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A sea of death, a river of life

April 10, 2013 One Comment


by Mathew Block

I was privileged to visit the Dead Sea while on a recent trip to Israel. This sea is famous for two reasons: one, it’s the lowest place on earth at 424 meters (1,391 feet) below sea level; and two, it’s one of the saltiest bodies of water on earth. It’s little wonder it was known as the Salt Sea in biblical times. The water is 33% salt, making it 8.6 times saltier than the ocean.

That level of salinity makes it a popular tourist destination, as the water is extremely buoyant. Everyone can float in the Dead Sea. In fact, as I discovered, you can’t not float: even if you stand straight up in the water, your head stays comfortably above the surface.

The salinity has another effect on the water: it makes it inhospitable for plants and animals to live in. In fact, other than small bacterial life, nothing can live in the water. That’s why people today call it the Dead Sea.

Ezekiel once had a vision concerning this sea. At the time, the Israelites were in exile, the Temple was destroyed, and things looked bleak. But God promised Ezekiel that He would build a new and glorious Temple. From its doors would issue forth a river, a river which would flow down to the Dead Sea and make it pure. “When the water flows into the sea,” Ezekiel writes, “the water will become fresh” (47:8 ESV).  Zechariah made a similar prophecy, speaking of the day “living water” would flow out to this sea from Jerusalem (14:8).

When the water flows into the sea, the water will become fresh.

These prophecies predict the new covenant in Christ: He tells us He gives “living waters” to those who thirst (John 4:7). This is a water which takes the spiritually dead and brings them to life—the sort of thing we see in baptism. For baptism too is water which brings the dead to life. “Do you not know that all of us who have been baptized into Christ were baptized into his death?” Paul asks. “We were therefore buried with him by baptism into death, in order that, just as Christ was raised from the dead by the glory of the Father, we too might walk in newness of life” (Romans 6:3-4). This water finds what is dead and makes it alive!

When we drink of the water Christ gives us—when faith in His Gospel takes hold of us—He gives us His Holy Spirit. He becomes in us “a spring of water welling up to eternal life” (John 4:14). As the water from the Temple purifies the Dead Sea in Ezekiel’s vision, so too the righteousness of Christ overwhelms our own decay. He makes us pure. His blood cleanses us from all sin (1 John 1:9) and His life swallows up death (Isaiah 25:8). Indeed, wherever Christ goes, life must follow: “Everything will live where the river goes” (Ezekiel 47:9).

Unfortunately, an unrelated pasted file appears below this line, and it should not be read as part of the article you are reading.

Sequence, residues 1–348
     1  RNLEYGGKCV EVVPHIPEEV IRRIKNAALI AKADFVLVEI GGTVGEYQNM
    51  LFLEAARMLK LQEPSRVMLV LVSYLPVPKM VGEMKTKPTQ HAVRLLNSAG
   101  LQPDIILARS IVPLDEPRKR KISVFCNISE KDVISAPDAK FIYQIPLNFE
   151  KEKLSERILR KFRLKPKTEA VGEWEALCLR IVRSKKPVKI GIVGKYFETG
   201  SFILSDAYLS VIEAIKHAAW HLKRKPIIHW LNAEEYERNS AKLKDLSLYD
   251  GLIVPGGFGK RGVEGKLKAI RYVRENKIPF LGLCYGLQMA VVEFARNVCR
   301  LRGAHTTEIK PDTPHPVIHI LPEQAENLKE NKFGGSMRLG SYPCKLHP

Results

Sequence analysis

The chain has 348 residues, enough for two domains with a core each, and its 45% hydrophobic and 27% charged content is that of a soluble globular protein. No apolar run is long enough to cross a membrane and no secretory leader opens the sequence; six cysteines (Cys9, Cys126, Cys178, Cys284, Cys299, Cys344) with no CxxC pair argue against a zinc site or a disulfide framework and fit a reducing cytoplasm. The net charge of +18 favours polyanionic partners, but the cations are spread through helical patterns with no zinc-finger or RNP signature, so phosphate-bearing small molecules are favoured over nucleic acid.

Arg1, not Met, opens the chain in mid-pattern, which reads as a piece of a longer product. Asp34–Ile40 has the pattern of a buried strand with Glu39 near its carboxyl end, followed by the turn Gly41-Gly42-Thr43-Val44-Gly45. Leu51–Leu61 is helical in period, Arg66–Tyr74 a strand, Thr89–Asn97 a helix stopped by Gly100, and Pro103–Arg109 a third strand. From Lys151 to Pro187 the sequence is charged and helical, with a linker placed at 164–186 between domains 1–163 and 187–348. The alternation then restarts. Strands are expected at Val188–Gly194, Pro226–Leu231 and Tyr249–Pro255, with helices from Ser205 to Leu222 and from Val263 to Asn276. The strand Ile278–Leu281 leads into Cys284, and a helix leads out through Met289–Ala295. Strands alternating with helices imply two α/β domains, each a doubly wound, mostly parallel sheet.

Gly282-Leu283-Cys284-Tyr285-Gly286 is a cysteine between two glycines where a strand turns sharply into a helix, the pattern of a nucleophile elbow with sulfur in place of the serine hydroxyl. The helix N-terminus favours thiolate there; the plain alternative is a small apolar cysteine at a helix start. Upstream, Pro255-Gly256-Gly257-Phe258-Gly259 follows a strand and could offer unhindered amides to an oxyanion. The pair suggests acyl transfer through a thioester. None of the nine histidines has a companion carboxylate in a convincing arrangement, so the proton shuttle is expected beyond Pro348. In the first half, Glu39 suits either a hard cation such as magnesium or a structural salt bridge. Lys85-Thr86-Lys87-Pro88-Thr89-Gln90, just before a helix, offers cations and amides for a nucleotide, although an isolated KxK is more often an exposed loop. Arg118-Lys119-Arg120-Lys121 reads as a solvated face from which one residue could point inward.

cl2802-cover-smallIn this issue of The Canadian Lutheran, we reflect anew on the life of Christ. I mean that in two ways: first, we talk about His literal earthly life. We visit the Holy Land and see the place where He was born. Where He lived and taught. Where He died. Where He rose again from the dead.

That brings us to the second focus of this issue: the life Christ gives to us. We reflect anew on the wonder of the resurrection, and the new life it promises us—both in the present and for all eternity.  His living water wells up inside us. Though we were dead, He brings us back to life!

This is Good News—the best news, in fact! And as Christ’s living water fills us, we are transformed. We are no longer “dead seas,” but instead carry living water to others. Jesus promises, “Whoever believes in me…. out of his heart will flow rivers of living water.” Through this outflowing, the Holy Spirit uses us to share the Good News with those who haven’t yet heard it: with friends, family, and neighbours.

You have an excellent opportunity  this summer to learn to share your faith with others. In Winnipeg, we’re holding “Reach Out Canada,” a national outreach conference for LCC members. At the same time, we’re hosting the national youth gathering. Don’t miss them!


Mathew Block is editor of The Canadian Lutheran.

One Comment »

  • A sea of death, a river of life « Captain Thin said:

    […] from my column for the March/April issue of The Canadian Lutheran. Read the full article here: ”A sea of life, a river of death.” The same issue has my long-feature story on visiting the Holy Land, so watch here for a link to it […]

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